How To season Firewood

April 16, 2023

Lets go over the benefits and steps to season firewood for your outdoor wood boiler to get the best efficiency.

Seasoned firewood for wood boilers typically refers to wood that has been cut, split, and allowed to dry for a sufficient period of time to reduce its moisture content to a level that is optimal for efficient and clean burning. The moisture content of seasoned firewood is typically around 20% or less, although some sources may define seasoned firewood as having a moisture content of 25% or lower.

The process of seasoning firewood for your boiler involves allowing the wood to dry out, which helps to reduce its moisture content and improve its combustion properties. Properly seasoned firewood burns hotter and produces less smoke and creosote, which can build up in chimneys and create a fire hazard. Additionally, seasoned firewood ignites more easily and produces less creosote, which can help extend the lifespan of your chimney and reduce the risk of chimney fires.

The time required to season firewood depends on various factors, including the type of wood, the climate, and the storage conditions. In general, it takes approximately 6 to 12 months for firewood to properly season, although some denser hardwoods may take longer. Wood that has been cut and split early in the year and allowed to dry during the warm and dry summer months is typically ready to be burned by the following winter.

To determine if firewood is seasoned, you can use a moisture meter to measure the moisture content of the wood. A moisture content of 20% or less is generally considered suitable for seasoned firewood. Additionally, seasoned firewood should have a dry and brittle appearance, with cracks or splits on the ends, and it should make a sharp, resonant sound when banged together.

Here are some best practices for seasoning firewood for your wood boiler:

  1. Cut firewood to the right length: Firewood should be cut to the appropriate length for your fireplace or wood stove. Typically, firewood should be cut to a length of 16 inches or less for most residential wood stoves or fireplaces. Check the specifications of your wood-burning appliance for the recommended length.
  2. Split firewood: Splitting firewood exposes more surface area to air and helps the wood dry faster. Use a log splitter, axe, or maul to split the firewood into smaller pieces, ideally no larger than 6 inches in diameter.
  3. Stack firewood properly: Stack firewood in a way that promotes good airflow. Create a stack with alternating layers of firewood, leaving space between the logs for air circulation. Stack the firewood off the ground, on a raised platform or pallet, to prevent moisture from being absorbed from the ground.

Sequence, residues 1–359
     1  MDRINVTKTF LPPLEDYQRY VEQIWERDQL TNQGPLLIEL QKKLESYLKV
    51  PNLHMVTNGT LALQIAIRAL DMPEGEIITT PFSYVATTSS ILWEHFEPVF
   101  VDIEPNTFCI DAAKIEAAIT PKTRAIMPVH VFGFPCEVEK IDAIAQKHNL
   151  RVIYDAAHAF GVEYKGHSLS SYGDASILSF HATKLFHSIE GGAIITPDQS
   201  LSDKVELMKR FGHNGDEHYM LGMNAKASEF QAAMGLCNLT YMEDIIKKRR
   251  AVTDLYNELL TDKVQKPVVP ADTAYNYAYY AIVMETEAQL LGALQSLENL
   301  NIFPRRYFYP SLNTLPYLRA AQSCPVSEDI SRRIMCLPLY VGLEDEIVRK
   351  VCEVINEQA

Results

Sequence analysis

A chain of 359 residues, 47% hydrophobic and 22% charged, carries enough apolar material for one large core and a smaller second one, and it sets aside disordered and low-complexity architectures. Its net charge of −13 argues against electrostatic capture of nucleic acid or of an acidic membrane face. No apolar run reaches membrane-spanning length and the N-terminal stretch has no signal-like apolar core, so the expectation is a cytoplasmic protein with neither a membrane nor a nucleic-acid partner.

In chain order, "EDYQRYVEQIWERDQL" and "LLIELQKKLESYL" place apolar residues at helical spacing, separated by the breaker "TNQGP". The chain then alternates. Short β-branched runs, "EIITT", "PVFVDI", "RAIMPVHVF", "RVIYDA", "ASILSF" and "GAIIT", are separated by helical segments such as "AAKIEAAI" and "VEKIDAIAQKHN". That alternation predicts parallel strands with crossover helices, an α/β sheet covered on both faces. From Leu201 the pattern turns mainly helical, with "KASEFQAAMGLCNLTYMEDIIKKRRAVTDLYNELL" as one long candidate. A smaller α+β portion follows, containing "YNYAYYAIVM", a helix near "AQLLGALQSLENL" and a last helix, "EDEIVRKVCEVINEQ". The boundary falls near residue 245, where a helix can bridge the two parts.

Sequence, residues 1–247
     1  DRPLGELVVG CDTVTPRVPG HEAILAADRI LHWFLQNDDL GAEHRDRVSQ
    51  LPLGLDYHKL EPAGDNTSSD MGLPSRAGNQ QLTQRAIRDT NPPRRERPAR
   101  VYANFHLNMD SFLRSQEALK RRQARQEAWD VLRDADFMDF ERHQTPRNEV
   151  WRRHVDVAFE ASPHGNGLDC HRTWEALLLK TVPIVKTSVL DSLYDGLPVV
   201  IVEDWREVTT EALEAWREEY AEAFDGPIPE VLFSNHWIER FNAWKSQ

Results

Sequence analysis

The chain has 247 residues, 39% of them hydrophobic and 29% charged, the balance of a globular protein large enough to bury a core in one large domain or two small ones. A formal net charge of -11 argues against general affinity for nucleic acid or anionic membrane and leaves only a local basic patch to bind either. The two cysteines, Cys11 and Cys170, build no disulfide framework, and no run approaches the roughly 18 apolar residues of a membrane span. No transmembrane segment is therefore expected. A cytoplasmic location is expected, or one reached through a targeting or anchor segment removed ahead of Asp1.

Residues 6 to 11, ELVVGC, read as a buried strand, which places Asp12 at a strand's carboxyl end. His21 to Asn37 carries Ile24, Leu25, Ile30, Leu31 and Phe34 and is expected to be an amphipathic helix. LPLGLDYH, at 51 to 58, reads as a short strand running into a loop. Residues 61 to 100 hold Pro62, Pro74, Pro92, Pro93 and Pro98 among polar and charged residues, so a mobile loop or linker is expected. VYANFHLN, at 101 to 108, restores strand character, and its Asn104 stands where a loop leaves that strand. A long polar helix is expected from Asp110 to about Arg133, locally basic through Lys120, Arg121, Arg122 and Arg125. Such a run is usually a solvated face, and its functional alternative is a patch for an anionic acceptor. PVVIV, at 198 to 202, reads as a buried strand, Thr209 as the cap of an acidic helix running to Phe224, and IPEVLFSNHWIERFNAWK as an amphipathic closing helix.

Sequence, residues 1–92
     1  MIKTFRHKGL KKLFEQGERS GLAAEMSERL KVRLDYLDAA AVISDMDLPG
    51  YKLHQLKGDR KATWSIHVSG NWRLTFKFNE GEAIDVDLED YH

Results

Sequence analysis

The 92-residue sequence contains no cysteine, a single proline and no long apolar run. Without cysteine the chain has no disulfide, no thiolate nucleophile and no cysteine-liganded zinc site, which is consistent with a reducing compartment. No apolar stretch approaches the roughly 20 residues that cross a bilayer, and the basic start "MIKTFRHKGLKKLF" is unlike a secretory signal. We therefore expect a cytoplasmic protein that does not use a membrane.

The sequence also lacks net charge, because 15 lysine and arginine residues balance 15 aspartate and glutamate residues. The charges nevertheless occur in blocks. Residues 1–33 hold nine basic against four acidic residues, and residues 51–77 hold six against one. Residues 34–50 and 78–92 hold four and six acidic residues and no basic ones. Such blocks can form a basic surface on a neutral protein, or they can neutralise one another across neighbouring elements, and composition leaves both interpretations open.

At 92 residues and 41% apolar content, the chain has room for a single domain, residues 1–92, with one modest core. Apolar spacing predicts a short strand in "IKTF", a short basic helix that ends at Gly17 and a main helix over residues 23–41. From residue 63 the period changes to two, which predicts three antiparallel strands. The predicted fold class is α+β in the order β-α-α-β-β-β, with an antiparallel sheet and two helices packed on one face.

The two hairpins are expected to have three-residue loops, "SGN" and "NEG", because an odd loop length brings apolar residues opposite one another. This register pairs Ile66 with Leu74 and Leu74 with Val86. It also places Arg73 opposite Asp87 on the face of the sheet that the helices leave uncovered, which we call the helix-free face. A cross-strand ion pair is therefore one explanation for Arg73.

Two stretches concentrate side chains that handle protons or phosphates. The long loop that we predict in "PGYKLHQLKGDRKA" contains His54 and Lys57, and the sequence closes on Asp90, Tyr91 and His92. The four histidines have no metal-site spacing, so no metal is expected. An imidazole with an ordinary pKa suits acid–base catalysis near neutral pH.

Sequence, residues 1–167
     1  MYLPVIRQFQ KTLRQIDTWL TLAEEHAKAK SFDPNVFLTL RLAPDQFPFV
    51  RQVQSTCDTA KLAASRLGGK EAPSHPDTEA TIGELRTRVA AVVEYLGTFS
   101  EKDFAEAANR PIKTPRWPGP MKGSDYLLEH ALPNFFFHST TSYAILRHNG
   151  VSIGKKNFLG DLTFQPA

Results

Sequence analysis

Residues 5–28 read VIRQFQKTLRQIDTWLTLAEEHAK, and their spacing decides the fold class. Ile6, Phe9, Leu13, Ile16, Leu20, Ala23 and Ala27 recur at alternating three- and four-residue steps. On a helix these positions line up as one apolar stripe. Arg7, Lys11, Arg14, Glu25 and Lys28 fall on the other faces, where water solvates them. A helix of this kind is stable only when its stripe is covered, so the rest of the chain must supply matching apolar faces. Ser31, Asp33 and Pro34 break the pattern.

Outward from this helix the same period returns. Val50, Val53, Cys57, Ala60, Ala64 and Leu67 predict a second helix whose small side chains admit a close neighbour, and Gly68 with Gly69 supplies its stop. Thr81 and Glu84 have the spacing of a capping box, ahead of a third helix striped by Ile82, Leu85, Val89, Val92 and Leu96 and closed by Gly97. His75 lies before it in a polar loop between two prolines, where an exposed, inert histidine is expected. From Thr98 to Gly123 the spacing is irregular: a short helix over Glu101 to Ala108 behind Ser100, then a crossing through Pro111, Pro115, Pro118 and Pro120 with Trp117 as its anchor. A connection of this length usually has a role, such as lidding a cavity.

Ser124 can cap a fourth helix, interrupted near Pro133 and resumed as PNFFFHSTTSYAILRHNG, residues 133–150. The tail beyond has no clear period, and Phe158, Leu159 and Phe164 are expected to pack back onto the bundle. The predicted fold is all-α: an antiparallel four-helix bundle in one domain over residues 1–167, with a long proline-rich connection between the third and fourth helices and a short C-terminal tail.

4. Choose a sunny and windy location: Place the firewood stack in a sunny and well-ventilated area. Sunlight and wind can help accelerate the drying process by evaporating moisture from the wood. Having a tarp or metal over the top of the wood pile that prevents free flow of wind or blocks sun can slow down the drying process. Best to leave the wood without a covering.
  5. Cover the top of the stack: Cover the top of the firewood stack with a tarp or waterproof cover to protect it from rain and snow while still allowing airflow. Avoid covering the sides of the stack as this can trap moisture and impede the drying process.
  6. Allow time for seasoning: Firewood typically takes 6 to 12 months to properly season, depending on the type of wood, climate, and other factors. Check the moisture content of the firewood with a moisture meter, and aim for a moisture content of 20% or less before using it as firewood.
  7. Test the firewood: Once the firewood is seasoned, test it by checking the moisture content and by banging two pieces together. Well-seasoned firewood should have a moisture content of 20% or less, and it should make a sharp, resonant sound when banged together.
  8. Use the oldest firewood first: To ensure that your firewood is properly seasoned, use the oldest firewood first. This allows the newer, less seasoned wood to continue drying until it's ready to be burned.

There are some options on handling and storing firewood to help get it ready for your outdoor wood boiler. Consider placing the firewood stack near the boiler for quicker and easier loading. Storing wood in an empty 275 gallon or 330 gallon metal tote cage makes for easier transport for a tractor with forks.

It's important to note that burning unseasoned or improperly seasoned firewood can result in less efficient and less environmentally friendly fires, as the excess moisture in the wood can cause smoldering, incomplete combustion, and increased emissions of smoke, pollutants, and creosote. Therefore, it's recommended to properly season firewood before using it for burning to ensure optimal performance and safety.